What does it take to become a successful maker?
October 19, 2015 11:54AM
Hello fellow makers,
I'm a student gathering information for a paper on the maker movement. Please help me out answering this question. And if you would, please answer more questions at my other post [forums.reprap.org] Thanks.
Re: What does it take to become a successful maker?
October 19, 2015 01:34PM
Free time.
Re: What does it take to become a successful maker?
October 19, 2015 06:30PM
imagination, drugs, other hobbies.
Re: What does it take to become a successful maker?
October 19, 2015 07:46PM
Who needs drugs with all the fumes.
Re: What does it take to become a successful maker?
October 19, 2015 09:40PM
What do you mean by a "successful" maker? How famous you are? How much money you make at it? How much fun you have?
Re: What does it take to become a successful maker?
October 19, 2015 11:04PM
To make something successfully.

I'd say patience and fortitude...
Re: What does it take to become a successful maker?
October 20, 2015 02:25AM
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MechaBits
Who needs drugs with all the fumes.

Well, PETG is a lot lower on the fumes, so my wallet has gotten a lot lighter both with the added cost as well as the drugs I now have to buy. /S
Re: What does it take to become a successful maker?
October 20, 2015 05:41AM
Okay since you are not getting very far with this... I am not entirely certain on the definition of "maker", but if you mean someone who has a 3d printer and is confident to produce objects with it, possibly also designing those objects (or modifying objects already designed) then I would say the key higher skills are technical and creative.

Technical - using a reprap style 3d printer requires some ability to understand technical information. You need some basic maths, a basic understanding of the cartesian coordinate system, an eye for safety since there are almost no safety systems (or fail safe design considerations) in most reprap printers, the ability to use a computer, to adjust settings in slicing programs, for example in a systematic way so that you can link your changes to the effects they have on your prints. You also need to understand some basic engineering, how to measure objects accurately using calipers or something similar, what is the meaning of tolerance between parts. You need to be able to undertake the maintenance of your machine. You also need to be willing to find answers to your problems and seek the advice of others, unless you are an engineering genius you're going to need some help along the way.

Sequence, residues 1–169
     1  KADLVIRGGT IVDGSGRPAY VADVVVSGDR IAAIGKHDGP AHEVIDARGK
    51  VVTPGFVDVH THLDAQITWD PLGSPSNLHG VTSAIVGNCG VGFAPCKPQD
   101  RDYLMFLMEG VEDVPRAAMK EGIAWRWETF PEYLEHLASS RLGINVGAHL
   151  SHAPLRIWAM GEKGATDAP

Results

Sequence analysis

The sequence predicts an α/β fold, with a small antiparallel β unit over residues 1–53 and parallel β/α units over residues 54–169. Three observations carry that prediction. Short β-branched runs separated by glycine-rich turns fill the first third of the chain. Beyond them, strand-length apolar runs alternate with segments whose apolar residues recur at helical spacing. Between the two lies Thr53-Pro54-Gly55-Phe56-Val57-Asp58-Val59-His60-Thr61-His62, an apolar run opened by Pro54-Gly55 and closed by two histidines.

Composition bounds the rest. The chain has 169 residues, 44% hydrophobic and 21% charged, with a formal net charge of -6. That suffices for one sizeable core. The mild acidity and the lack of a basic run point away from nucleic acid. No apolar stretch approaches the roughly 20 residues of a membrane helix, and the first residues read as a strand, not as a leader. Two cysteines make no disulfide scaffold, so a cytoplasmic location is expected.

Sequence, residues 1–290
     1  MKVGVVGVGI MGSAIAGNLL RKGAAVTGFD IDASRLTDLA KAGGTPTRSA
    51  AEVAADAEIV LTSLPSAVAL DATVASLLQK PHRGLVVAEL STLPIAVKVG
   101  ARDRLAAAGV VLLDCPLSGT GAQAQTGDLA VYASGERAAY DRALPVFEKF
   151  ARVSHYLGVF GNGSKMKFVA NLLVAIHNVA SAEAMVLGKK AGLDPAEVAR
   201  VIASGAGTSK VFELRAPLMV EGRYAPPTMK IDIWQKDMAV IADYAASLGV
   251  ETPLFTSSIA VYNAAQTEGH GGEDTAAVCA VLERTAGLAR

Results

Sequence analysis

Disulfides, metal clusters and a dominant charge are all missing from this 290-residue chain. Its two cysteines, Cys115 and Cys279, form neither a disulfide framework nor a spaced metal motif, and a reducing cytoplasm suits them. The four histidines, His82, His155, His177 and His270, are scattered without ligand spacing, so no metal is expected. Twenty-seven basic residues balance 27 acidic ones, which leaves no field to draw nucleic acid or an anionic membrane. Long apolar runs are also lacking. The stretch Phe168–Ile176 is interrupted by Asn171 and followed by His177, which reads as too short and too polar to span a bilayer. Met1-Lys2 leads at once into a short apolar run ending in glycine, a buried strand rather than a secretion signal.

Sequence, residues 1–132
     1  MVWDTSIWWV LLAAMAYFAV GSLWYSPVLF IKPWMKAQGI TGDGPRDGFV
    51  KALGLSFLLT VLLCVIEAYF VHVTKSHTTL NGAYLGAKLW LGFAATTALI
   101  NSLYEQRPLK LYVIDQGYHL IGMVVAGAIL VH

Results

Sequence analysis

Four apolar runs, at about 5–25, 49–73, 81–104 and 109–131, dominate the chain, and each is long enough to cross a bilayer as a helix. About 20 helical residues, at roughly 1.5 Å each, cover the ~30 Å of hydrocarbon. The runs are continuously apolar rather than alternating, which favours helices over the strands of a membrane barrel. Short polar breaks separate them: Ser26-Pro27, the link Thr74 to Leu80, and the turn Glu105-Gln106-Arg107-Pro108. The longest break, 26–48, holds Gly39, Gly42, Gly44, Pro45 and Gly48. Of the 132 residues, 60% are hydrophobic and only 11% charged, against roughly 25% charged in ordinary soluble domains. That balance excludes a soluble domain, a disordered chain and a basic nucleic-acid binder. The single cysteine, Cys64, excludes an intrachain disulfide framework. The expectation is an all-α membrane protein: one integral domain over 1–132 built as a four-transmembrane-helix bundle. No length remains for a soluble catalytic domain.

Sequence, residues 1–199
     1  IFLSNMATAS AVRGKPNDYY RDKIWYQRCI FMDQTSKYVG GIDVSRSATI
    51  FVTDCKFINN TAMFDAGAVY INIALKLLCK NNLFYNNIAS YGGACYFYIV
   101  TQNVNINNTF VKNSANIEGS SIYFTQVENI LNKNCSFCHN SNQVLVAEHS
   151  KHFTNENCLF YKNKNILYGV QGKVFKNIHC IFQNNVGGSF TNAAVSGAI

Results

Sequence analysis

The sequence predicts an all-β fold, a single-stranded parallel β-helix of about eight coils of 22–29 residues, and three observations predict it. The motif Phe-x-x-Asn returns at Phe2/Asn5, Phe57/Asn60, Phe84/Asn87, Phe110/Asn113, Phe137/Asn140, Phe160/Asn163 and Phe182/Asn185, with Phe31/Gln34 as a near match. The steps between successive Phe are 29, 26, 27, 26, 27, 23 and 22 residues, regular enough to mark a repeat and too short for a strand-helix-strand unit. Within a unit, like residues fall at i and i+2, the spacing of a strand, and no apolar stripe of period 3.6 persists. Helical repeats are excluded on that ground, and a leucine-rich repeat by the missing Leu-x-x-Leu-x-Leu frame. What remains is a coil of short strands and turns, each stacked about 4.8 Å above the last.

If you want to build reprap 3d printers then you will need all the skills above an in addition some electronics knowledge, soldering/crimping skills, and you need to have the patience to be precise and methodical.

Creative - I would say the difference between makers and people who own only a consumer 3d printer, is that makers are always looking for ways to improve their machines and do things better/faster/more efficiently/more sustainably and due to the unique nature of reprap machines they can obtain, modify and share their improvements to these printers and systems with the community who can build on them. A manufacturer of an out of the box machine might encourage a user forum to steer their future direction but their product does not evolve in the almost organic way that reprap does. Its not just a case of being a user of a machine, it's being it's builder, developer, operator and maintainer as well. Obviously the creativity to visualise 3d objects and then create them using CAD software is extremely important. Without this all you are doing is finding a thing you want and pressing print, this is not a creative endeavour you are merely the machine operator in that scenario. Part of this is also having the imagination to see problems, think of solutions and then because you are able to; go on and make them and refine them and then share them.